There’s no way around this. If you try to keep the mountain, maybe by filling in the valley with ground from somewhere else, you have just moved the problem around. You’ve only created another valley in another place.
No, the mountain must be brought down. But it’s only upsetting to do this when we don’t want to give up the ground. Leveling the mountain is only terrifying when you think that it means you have something to lose. But if we understand what is actually at work here, that we are creating a world where everyone can thrive, then leveling the ground, even amid the discouragement and difficulties, is an act of joy.
Leveling the Ground through Trauma Healing
But let’s put some flesh on this metaphorical skeleton. One important and often overlooked real life example of leveling the ground comes in the form of trauma healing.
While anyone can experience trauma, one of the things oppressive systems do best is traumatize the people that it dominates. In a 2019 study of historically oppressed groups in Canada, 91% of Indigenous, 64% of Black, and 57% of Jewish respondents reported experiencing at least one trauma; women were especially vulnerable.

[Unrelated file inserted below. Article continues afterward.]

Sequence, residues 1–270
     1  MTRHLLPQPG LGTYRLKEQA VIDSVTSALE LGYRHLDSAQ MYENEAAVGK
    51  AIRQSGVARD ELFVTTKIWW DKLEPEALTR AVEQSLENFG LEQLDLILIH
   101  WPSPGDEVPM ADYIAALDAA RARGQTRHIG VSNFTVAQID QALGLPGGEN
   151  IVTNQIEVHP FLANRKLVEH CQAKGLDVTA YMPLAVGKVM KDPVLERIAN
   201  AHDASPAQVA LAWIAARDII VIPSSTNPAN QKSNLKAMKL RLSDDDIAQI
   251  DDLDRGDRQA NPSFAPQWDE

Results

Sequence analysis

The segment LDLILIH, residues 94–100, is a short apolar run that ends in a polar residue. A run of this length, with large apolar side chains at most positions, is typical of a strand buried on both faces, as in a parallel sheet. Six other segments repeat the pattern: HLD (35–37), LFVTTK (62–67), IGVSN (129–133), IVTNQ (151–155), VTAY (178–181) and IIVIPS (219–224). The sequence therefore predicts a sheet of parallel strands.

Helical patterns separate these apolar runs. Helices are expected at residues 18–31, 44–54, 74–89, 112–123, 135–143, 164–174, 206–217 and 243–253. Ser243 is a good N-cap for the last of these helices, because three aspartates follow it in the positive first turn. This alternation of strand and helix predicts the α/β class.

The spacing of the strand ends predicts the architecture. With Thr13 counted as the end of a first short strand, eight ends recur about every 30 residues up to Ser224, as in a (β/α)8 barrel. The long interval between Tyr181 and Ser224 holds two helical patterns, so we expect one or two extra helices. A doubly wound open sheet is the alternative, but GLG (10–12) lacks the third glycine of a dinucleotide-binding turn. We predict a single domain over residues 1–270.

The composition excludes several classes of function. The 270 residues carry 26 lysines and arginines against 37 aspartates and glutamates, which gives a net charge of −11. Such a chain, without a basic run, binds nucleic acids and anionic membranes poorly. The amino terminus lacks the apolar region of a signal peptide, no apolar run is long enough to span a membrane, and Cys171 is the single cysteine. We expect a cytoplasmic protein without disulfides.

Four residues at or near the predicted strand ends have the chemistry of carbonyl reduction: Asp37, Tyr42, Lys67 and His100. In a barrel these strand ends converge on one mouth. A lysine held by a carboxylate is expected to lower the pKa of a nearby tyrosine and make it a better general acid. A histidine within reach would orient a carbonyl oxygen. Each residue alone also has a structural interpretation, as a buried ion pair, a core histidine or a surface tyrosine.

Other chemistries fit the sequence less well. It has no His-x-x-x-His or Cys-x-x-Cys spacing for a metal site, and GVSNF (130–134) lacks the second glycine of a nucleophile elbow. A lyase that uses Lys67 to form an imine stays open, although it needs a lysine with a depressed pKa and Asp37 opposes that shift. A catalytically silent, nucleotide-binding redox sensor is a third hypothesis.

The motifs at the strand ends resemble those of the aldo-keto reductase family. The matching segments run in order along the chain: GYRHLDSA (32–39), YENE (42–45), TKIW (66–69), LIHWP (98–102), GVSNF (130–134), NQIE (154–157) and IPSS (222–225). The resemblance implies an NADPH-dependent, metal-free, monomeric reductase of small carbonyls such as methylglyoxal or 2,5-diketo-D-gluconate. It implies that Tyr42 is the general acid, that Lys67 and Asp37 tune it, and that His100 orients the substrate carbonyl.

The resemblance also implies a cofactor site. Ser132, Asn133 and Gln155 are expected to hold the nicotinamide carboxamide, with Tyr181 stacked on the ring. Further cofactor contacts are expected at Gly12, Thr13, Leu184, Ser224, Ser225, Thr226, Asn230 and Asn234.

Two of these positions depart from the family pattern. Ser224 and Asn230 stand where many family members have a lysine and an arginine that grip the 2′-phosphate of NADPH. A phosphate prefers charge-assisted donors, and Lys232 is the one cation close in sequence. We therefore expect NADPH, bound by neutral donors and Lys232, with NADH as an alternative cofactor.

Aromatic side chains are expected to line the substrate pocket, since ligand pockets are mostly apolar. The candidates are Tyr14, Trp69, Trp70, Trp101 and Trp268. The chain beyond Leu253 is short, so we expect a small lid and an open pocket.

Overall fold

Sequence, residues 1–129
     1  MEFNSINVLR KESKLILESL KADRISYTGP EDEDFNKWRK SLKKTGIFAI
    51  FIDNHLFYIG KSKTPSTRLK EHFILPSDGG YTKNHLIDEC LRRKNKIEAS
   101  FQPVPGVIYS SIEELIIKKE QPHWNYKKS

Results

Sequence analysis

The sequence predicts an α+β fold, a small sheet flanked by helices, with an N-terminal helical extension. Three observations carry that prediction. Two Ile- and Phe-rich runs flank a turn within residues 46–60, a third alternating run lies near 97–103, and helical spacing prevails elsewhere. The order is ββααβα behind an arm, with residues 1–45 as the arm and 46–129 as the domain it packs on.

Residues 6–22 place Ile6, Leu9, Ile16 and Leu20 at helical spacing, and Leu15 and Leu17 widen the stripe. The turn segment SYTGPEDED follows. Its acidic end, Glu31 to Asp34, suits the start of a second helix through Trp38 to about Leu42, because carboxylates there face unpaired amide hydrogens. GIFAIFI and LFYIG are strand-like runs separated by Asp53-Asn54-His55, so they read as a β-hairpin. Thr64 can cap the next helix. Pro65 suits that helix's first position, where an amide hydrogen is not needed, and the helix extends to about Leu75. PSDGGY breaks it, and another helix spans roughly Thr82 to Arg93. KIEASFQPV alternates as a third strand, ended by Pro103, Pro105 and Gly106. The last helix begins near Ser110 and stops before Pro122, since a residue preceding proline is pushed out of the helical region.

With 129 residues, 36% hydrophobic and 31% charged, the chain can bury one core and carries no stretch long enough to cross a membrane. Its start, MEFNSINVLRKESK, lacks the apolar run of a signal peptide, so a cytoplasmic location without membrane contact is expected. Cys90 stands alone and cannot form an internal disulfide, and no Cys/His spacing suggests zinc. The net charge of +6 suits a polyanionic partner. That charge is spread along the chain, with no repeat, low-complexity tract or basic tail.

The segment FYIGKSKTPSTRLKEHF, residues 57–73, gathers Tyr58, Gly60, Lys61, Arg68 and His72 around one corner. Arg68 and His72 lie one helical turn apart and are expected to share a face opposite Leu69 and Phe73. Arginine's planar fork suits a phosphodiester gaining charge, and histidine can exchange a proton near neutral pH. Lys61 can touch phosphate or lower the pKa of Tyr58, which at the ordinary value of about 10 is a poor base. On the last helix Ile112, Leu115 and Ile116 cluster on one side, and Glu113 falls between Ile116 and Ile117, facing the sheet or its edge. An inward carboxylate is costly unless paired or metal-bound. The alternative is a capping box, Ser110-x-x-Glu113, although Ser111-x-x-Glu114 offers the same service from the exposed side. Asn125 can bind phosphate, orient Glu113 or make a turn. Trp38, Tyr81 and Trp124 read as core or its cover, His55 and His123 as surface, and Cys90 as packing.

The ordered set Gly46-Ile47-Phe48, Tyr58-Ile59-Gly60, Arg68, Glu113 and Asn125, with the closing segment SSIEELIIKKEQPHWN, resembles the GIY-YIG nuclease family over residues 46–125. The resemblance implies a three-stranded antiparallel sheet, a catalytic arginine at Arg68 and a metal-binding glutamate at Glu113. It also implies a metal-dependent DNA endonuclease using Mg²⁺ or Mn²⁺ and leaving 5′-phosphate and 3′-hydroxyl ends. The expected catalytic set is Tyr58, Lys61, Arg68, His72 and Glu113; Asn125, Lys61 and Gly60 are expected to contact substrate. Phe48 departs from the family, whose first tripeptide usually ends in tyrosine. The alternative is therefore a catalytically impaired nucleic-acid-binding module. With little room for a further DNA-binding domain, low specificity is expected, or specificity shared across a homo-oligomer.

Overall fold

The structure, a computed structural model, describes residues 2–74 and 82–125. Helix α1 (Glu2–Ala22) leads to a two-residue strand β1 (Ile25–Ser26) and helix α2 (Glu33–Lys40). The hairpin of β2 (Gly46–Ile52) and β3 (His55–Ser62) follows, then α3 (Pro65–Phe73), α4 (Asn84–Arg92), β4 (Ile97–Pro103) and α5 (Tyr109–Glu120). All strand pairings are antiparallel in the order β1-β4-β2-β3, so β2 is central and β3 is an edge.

Children are also at special risk, both because they frequently lack protection in our society and because their healthy development can be interrupted. A 2007 study showed that as much as 68% of children still experience at least one traumatic event by the time they are 16 years old.
Obviously, the best scenario is to change society so that we stop oppressing people and traumatizing children. But a big step in that direction is universalizing the resources, skills, and community support for trauma healing.
Happily, this has been a growing trend around the world, which is a wonderful sign of hope that we can celebrate. To be clear, I am not suggesting that trauma healing did not happen before these more recent movements. Many compassionate and wise practitioners have approached their work and relationships in these ways before we had the words for it.
The vocabulary and concepts, however, can help more and more of us become more intentional about caring in these ways, while also helping us develop accountability, measures, and research methods to keep growing in knowledge and skill.